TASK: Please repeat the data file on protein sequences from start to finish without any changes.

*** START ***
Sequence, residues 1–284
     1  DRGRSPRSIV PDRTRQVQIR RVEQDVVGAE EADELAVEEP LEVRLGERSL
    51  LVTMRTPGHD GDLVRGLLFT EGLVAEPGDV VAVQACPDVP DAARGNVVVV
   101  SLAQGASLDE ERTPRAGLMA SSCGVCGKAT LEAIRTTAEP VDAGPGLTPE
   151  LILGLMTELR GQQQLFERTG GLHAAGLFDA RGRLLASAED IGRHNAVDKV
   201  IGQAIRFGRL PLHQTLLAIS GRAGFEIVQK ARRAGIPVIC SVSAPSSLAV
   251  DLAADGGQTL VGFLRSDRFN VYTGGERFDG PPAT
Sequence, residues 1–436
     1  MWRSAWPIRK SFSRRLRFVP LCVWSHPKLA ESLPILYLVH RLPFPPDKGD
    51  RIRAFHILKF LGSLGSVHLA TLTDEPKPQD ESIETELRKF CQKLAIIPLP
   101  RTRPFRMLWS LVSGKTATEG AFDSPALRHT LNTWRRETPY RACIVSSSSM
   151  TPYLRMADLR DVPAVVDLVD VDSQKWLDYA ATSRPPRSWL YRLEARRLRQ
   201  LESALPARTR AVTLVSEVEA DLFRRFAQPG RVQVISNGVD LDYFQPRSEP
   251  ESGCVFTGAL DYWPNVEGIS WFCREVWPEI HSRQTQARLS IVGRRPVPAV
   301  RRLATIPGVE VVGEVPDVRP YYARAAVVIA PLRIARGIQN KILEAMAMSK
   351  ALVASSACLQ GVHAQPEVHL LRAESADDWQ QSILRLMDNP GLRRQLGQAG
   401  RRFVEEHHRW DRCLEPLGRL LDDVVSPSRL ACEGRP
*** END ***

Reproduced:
Sequence, residues 1–284
     1  DRGRSPRSIV PDRTRQVQIR RVEQDVVGAE EADELAVEEP LEVRLGERSL
    51  LVTMRTPGHD GDLVRGLLFT EGLVAEPGDV VAVQACPDVP DAARGNVVVV
   101  SLAQGASLDE ERTPRAGLMA SSCGVCGKAT LEAIRTTAEP VDAGPGLTPE
   151  LILGLMTELR GQQQLFERTG GLHAAGLFDA RGRLLASAED IGRHNAVDKV
   201  IGQAIRFGRL PLHQTLLAIS GRAGFEIVQK ARRAGIPVIC SVSAPSSLAV
   251  DLAADGGQTL VGFLRSDRFN VYTGGERFDG PPAT
Sequence, residues 1–436
     1  MWRSAWPIRK SFSRRLRFVP LCVWSHPKLA ESLPILYLVH RLPFPPDKGD
    51  RIRAFHILKF LGSLGSVHLA TLTDEPKPQD ESIETELRKF CQKLAIIPLP
   101  RTRPFRMLWS LVSGKTATEG AFDSPALRHT LNTWRRETPY RACIVSSSSM
   151  TPYLRMADLR DVPAVVDLVD VDSQKWLDYA ATSRPPRSWL YRLEARRLRQ
   201  LESALPARTR AVTLVSEVEA DLFRRFAQPG RVQVISNGVD LDYFQPRSEP
   251  ESGCVFTGAL DYWPNVEGIS WFCREVWPEI HSRQTQARLS IVGRRPVPAV
   301  RRLATIPGVE VVGEVPDVRP YYARAAVVIA PLRIARGIQN KILEAMAMSK
   351  ALVASSACLQ GVHAQPEVHL LRAESADDWQ QSILRLMDNP GLRRQLGQAG
   401  RRFVEEHHRW DRCLEPLGRL LDDVVSPSRL ACEGRP